Dow Chemical Co said it would separate a significant part of its chlorine business and sell it to smaller rival Olin Corp in a tax-efficient deal valued at about $5 billion.
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The transaction, structured as a Reverse Morris Trust deal, allows Dow to sell its non-core U.S. Gulf Coast chlor-alkali and vinyl, global chlorinated organics and epoxy assets without having to pay taxes.
Dow Chemical's shares rose 3.5 percent to $48.49 in early trading on Monday. Olin's shares jumped as much as 26.3 percent to $34.34, valuing the company at $2.71 billion.
Dow has been shedding non-core assets to focus on more profitable businesses such as packaging, electronics and agriculture.
The company first announced plans to sell a bulk of its chlorine operations in 2013.
Chief Executive Andrew Liveris told Reuters on Monday there could be more deals as the company "simplifies" its joint ventures.
"JV conversations are ongoing right now and we are seeking the right strategic answers," he said. "The next 12 months you will see more for us from the JVs."
Under the Olin deal, Dow will get $2 billion in cash and cash equivalents, about $2.2 billion in Olin stock, and Olin will assume $800 million of pension and liabilities.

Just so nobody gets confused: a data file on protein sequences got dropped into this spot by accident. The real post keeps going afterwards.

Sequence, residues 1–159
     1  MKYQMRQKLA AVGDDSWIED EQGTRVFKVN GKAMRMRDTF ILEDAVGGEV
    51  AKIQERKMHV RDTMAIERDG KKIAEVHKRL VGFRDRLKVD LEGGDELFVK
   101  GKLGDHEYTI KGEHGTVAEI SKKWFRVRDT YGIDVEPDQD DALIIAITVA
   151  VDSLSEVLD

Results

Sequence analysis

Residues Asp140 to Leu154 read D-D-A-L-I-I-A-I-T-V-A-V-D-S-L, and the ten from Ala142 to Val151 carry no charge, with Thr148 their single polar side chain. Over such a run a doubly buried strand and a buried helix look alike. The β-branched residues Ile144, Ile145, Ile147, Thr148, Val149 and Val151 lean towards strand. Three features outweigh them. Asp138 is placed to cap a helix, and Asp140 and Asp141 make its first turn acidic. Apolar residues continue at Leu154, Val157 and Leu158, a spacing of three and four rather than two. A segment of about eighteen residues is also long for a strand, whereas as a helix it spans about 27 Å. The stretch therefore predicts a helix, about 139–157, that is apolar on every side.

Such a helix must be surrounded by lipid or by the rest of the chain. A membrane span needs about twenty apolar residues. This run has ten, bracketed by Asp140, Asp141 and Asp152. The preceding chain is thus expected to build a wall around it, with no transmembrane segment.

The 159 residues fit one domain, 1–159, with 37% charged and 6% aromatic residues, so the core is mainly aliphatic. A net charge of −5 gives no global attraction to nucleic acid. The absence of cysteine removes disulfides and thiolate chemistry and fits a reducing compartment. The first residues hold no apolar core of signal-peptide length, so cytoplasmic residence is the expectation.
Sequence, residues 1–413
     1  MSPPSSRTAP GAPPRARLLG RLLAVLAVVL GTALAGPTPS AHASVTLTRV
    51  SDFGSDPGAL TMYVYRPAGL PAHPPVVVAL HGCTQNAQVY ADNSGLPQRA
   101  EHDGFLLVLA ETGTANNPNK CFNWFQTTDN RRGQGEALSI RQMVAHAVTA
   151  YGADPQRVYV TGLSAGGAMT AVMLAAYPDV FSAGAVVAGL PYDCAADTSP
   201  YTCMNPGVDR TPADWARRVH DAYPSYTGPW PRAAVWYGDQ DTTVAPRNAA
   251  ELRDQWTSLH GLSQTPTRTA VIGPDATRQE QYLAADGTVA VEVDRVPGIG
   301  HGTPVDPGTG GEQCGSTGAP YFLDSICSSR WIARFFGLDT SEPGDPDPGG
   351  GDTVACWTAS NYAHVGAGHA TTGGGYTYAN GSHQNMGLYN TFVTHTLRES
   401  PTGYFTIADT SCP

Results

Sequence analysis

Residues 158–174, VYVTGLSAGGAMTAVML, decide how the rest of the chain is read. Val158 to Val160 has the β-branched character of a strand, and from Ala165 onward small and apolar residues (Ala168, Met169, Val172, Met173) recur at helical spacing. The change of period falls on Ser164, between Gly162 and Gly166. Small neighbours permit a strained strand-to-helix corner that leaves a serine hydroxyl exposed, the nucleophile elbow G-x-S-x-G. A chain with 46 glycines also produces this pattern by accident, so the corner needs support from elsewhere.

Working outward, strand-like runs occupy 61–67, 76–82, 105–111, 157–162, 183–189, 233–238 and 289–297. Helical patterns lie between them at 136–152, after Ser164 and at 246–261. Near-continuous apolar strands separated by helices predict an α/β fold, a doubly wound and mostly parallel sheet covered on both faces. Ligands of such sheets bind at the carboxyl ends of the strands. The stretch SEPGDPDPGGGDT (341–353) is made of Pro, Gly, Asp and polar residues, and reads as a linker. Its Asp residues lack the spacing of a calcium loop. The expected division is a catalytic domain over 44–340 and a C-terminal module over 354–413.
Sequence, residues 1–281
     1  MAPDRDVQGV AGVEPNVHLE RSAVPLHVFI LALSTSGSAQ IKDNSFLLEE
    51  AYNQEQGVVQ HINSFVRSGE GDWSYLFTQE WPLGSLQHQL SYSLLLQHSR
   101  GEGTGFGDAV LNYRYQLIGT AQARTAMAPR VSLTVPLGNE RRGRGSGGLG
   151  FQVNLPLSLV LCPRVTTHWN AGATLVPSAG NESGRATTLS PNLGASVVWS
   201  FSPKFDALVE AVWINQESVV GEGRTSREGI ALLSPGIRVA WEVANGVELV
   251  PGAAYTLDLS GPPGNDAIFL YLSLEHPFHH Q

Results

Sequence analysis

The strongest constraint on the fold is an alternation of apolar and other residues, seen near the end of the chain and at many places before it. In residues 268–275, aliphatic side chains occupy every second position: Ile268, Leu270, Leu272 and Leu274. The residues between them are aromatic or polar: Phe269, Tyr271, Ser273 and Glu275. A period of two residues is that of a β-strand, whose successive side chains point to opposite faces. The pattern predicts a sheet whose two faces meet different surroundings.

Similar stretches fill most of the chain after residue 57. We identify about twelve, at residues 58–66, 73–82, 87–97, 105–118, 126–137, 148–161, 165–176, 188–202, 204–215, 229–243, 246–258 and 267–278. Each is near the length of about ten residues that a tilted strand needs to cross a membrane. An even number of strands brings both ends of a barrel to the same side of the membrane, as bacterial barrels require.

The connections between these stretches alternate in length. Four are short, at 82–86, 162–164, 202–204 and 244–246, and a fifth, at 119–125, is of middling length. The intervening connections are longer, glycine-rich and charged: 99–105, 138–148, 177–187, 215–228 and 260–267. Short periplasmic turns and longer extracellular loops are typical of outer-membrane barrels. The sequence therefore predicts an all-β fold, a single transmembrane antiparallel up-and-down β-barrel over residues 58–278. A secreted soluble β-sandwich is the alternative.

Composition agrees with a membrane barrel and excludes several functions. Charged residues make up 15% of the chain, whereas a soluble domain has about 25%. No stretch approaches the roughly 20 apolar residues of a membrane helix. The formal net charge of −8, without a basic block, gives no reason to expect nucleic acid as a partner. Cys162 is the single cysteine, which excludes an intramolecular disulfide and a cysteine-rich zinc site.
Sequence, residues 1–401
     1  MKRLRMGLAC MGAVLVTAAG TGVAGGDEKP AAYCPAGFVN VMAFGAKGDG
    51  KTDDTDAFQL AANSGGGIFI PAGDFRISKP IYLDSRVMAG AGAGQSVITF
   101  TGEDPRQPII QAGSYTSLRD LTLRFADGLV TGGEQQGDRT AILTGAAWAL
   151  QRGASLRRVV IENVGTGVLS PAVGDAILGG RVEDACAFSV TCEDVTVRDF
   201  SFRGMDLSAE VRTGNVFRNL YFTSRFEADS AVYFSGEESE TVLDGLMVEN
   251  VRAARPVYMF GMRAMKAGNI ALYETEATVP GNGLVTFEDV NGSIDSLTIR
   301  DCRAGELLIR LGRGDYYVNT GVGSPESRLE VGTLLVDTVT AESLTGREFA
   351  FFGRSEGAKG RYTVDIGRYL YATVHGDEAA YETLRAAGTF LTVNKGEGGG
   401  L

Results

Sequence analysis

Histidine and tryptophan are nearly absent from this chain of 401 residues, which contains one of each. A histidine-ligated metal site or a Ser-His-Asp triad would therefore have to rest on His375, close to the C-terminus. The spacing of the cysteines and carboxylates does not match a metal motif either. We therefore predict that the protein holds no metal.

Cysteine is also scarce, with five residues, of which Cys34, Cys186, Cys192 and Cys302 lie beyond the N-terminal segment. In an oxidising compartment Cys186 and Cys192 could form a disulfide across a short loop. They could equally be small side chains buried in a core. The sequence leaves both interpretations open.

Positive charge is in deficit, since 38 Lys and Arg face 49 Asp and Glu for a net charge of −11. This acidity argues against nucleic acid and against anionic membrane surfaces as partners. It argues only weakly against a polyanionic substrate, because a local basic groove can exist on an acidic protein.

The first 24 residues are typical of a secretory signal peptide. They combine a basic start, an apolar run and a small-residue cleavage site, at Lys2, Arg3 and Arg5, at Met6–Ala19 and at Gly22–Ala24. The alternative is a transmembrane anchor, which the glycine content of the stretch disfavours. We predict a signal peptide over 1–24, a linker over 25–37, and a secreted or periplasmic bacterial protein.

After the deal closes, likely by the end of the year, Dow shareholders will potentially control 50.5 percent shares of the combined company, with Olin shareholders holding the rest.
"We own 50.5 percent of Olin but ... we will put in place an offer for our shareholders to directly own those shares," Liveris said.
"At the end of the day we will have nothing to do with running Olin other than that we will send three board members and put them on their board."
Dow averted a proxy fight with activist investor Dan Loeb last November by agreeing to add four independent directors to its board.
Loeb's Third Point LLC, which owns a 1.8 percent stake in Dow, had been pressuring Dow to spin off its petrochemical business.
The deal with Olin will create a company with revenue of about $7 billion and EBITDA of $1 billion.
Dow also agreed to supply ethylene for 20 years to Olin, which expects to save at least $200 million in costs within three years of the deal. (Reporting by Swetha Gopinath in Bengaluru; Editing by Saumyadeb Chakrabarty)